I’ve often said I’m not about reading levels for kids. I think too much stress is put on reading levels in public schools, and it spills over into other types of schooling. I’ve seen it it kill any love for books kids might develop. Reading is such a personal act, and learning it should be as organic as it can be.
When my boys were little, we could often be found curled up with a stack of picture books on the floor, reading through them one at a time and exclaiming over the pictures, studying the letters, discussing the sentence structure. But at bedtime, even when they were toddlers, I snuggled up with them and read them a chapter from a chapter book. Harry Potter. The Key to Rondo. The Narnia series. The Guardians of Ga’Hoole. A Series of Unfortunate Events.
Why? Because stories expand our minds, and I wanted my boys to learn early how to let that happen without pictures. Even I was surprised by how quietly they settled down and focused on the chapter each night, closing their eyes and letting my voice lull them. I wasn’t at all surprised by the vocabulary they picked up, the way their imaginations swelled to include new knowledge, or their high-level ability to understand complex situations at an early age. That’s what reading above your ‘reading level’ does for you.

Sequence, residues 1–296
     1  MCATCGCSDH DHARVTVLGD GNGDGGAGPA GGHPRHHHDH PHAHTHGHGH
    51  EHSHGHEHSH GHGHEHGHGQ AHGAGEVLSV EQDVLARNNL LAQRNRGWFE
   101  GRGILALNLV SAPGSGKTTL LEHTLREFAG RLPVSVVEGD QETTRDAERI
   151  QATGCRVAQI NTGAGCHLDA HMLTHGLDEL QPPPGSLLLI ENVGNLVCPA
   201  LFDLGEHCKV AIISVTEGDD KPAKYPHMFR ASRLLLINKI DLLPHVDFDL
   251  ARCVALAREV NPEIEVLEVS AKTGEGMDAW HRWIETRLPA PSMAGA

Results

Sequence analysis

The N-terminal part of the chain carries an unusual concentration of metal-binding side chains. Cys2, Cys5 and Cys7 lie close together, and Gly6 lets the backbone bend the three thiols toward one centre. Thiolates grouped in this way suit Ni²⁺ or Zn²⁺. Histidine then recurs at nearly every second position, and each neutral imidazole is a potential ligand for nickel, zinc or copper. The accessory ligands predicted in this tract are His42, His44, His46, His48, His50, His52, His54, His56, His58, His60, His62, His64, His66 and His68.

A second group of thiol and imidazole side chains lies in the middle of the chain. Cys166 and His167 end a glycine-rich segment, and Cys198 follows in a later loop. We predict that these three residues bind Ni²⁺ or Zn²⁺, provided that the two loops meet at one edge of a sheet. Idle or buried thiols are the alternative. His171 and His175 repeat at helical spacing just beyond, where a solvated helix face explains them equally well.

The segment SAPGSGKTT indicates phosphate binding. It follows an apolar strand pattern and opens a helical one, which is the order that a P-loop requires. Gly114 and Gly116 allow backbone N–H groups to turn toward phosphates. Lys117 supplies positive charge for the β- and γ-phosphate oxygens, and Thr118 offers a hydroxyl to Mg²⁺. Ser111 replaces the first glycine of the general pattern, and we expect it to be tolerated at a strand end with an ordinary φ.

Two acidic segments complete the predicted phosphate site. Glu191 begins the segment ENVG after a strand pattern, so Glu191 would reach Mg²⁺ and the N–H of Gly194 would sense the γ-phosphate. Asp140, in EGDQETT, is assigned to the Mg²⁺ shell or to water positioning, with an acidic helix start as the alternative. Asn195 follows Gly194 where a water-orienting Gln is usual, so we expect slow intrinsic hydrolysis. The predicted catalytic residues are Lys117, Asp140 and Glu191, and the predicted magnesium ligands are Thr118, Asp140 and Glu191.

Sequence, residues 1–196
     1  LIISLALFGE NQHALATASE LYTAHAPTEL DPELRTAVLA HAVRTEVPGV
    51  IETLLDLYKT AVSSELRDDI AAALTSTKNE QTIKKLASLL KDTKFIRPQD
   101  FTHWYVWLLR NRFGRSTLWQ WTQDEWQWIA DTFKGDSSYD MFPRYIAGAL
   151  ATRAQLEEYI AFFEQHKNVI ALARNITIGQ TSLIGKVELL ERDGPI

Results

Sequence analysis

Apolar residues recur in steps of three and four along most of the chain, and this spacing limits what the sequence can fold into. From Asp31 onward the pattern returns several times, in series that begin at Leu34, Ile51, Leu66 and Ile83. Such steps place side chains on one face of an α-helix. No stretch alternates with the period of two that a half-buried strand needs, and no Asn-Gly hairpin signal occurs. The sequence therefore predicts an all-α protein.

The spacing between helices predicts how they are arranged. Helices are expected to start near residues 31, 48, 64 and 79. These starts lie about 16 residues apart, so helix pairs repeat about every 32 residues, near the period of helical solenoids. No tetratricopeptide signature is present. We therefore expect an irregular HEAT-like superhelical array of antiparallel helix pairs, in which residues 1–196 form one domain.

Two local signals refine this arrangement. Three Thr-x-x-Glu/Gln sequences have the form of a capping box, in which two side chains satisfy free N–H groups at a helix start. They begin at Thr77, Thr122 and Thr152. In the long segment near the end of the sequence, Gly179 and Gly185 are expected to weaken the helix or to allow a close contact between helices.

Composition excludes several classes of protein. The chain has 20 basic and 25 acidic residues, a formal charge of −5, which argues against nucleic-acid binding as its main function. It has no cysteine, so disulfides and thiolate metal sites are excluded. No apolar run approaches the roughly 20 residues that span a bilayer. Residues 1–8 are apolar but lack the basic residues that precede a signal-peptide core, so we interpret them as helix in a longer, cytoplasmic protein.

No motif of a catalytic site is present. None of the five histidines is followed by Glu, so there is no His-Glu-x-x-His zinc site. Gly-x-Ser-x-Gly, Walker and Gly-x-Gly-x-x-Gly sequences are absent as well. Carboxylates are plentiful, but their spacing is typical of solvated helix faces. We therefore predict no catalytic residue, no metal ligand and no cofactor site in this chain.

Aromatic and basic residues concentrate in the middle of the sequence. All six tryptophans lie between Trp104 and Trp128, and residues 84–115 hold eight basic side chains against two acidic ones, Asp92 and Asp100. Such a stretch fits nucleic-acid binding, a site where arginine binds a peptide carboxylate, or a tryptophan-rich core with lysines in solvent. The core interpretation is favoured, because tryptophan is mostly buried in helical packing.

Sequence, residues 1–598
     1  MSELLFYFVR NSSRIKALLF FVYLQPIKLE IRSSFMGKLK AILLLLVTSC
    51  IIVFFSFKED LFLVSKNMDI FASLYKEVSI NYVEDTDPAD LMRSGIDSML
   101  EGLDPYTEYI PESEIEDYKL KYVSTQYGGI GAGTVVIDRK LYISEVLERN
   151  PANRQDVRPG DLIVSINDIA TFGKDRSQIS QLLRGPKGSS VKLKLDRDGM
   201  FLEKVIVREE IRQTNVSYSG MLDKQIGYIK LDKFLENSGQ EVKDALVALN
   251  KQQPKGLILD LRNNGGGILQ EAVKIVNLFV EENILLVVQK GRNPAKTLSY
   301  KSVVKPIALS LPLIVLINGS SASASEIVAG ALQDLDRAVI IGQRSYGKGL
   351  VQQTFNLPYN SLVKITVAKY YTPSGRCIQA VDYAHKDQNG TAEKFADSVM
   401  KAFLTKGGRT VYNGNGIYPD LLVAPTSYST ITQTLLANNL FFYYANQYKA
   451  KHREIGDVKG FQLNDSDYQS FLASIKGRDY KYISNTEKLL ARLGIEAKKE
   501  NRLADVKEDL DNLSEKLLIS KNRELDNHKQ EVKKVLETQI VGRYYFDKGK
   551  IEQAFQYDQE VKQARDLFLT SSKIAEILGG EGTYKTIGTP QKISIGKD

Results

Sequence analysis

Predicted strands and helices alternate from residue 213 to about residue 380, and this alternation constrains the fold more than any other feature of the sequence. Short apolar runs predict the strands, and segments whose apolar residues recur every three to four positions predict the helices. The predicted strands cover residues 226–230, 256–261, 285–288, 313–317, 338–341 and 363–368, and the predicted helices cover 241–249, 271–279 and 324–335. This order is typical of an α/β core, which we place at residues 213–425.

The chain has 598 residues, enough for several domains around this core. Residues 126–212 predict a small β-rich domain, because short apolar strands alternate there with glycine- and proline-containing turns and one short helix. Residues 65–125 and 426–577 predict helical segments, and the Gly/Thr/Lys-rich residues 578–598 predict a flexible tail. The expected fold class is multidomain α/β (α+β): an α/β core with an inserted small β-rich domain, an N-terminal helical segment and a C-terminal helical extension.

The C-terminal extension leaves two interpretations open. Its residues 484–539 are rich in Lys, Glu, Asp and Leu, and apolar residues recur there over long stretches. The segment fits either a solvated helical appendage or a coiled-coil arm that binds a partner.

Do you read with purpose? Do you make sure your young students are reading with purpose?
Even if your littles are reading a book or a chapter every day, even if you’re reading aloud together, sometimes we get caught up in the story or a time crunch and forget to read with purpose.
Reading with purpose is easy to do, and it’s important for comprehension and memory retention. And even though sometimes reading should be for the pure, glorious fun of it, sometimes we need to buckle down and pay close attention.
Have you ever made a time capsule?
You know, you gather a bunch of memorabilia together, stuff that is important to you or speaks to who you are as a person, put it in a box, and bury it to be found later so people of the future will get you.
We did that for my senior class in high school. Each member of the class put in one thing that represented him or her as a person and it got… buried? I don’t know. Total transparency, I think I skipped that day.
Hey, it was the last week of senior year and I was an honor roll student. I deserved a break.
Well, my delinquent shenanigans aside, I have a very cool idea today for making reading fun.
If you don’t know me by now (sing it with me, 80s babies), let’s get one thing straight.
There are two things I love about reading books.
One is that they are a pleasant way to educate yourself without falling asleep over a textbook.
The other? That’s the magic, my friends. When I fall into a good book (and my most recent are The Colorado Kid by Stephen King and All Quiet On the Western Front by Erich Maria Remarque), I get to go somewhere else. With King I got to go to the Maine seacoast and listen to two quirky gentlemen tell a very eerie story. Without Remarque, I would never have any idea what it was truly like to be a soldier in World War I.
That’s the stuff.